In an effort to keep a closer eye on the people coming in contact with the children of Summit County, Ohio, officials are considering implementing mandatory background checks
for ice cream truck drivers, according to WEWS-TV.
"It's been brought to my attention, some of them could be selling drugs out of them or be sexual predators and is in close contact with your kids," Summit County council president Jerry Freeman told the news source. "To me, it just didn't sit well." The Akron Beacon Journal reports that the proposal states that ice cream vendors would need to submit to background checks by the FBI and the Ohio Bureau of Criminal Identification prior to being allowed to sell ice cream to children. In addition, applicants would be denied a license if they have had a previous offense against a child, a sex offense, a drug or assault conviction within the past seven years, a weapons conviction within the past five years or a homicide offense. Freeman tells the news source that he never thought that people were actually selling drugs out of ice cream trucks, but there have been cases in which the vehicles were loaded with them. The legislation would only affect townships within the county that didn't have some sort of provision already in place. Transient vendors are already prohibited in some Summit county townships such as Stow and Copley. Local parents support the new rule. "I coach them for baseball," Jerry Fowler, father of two boys in Summit county, tells WKYC-TV. "I need a background check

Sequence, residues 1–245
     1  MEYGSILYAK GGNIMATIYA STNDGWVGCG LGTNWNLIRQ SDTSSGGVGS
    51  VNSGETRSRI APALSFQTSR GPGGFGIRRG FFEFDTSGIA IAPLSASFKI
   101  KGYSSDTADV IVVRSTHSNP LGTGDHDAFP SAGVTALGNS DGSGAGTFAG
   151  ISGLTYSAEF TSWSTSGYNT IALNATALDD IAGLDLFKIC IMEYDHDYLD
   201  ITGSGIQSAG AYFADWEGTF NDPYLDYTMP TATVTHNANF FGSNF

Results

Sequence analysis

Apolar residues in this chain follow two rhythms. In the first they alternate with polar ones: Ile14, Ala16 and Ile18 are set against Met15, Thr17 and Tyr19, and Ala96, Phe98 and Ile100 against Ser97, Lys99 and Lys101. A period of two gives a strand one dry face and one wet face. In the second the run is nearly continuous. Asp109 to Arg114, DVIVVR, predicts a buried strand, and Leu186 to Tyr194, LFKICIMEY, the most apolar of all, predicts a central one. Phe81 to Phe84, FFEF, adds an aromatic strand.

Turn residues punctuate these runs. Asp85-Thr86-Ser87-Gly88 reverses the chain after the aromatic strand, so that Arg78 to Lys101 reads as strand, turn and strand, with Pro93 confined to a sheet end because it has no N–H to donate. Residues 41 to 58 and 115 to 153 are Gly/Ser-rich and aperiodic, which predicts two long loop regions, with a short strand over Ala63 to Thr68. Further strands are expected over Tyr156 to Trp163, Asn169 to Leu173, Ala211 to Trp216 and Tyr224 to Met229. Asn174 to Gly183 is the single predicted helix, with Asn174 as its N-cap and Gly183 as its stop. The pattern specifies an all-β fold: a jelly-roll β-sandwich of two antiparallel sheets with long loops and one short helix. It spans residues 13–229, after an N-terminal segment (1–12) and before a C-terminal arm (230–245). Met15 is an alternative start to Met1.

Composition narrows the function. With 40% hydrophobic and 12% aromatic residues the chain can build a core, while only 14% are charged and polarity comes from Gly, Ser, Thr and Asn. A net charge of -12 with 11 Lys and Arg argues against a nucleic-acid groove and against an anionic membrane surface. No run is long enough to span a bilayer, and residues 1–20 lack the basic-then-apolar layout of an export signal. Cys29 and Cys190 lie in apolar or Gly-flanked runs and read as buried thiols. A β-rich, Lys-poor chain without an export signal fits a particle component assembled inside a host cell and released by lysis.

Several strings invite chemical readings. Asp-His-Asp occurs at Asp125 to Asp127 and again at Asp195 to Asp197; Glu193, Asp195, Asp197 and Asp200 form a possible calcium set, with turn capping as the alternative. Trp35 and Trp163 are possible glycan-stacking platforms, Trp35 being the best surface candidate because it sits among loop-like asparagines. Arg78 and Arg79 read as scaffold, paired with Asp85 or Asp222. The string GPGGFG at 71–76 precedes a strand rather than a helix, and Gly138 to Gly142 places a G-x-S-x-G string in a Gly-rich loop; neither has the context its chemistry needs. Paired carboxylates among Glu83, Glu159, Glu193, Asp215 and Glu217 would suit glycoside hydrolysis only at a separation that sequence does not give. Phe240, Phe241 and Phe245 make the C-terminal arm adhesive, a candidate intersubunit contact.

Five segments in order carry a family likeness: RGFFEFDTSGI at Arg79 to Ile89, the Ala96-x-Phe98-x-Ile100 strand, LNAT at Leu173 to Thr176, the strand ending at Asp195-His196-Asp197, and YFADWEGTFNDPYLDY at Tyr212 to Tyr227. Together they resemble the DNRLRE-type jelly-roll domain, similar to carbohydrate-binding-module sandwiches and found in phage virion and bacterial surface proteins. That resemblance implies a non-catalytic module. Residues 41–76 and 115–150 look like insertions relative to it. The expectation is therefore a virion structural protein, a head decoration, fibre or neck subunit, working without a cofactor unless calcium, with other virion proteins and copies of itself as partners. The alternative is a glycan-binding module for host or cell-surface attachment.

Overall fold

. It's the same for Boy Scout leaders. Why shouldn't it be for vendors?" In a neighboring city of Barberton, a measure that prevents vendors with criminal backgrounds from taking jobs that involve transactions with children has been in place for a while. Vincent Morber, a Barberton police chief, explained to the news source that he's aware of at least one driver who was denied due to a criminal past, in which he was accused of kidnapping and domestic violence. WEWS-TV adds that the proposal will not affect other solicitors, such as Boy Scouts or high school groups selling door-to-door for fundraising. Freeman explains to the media outlet that while he typically isn't a fan of legislating, implementing this rule simply makes sense. He expects it to be passed by Monday.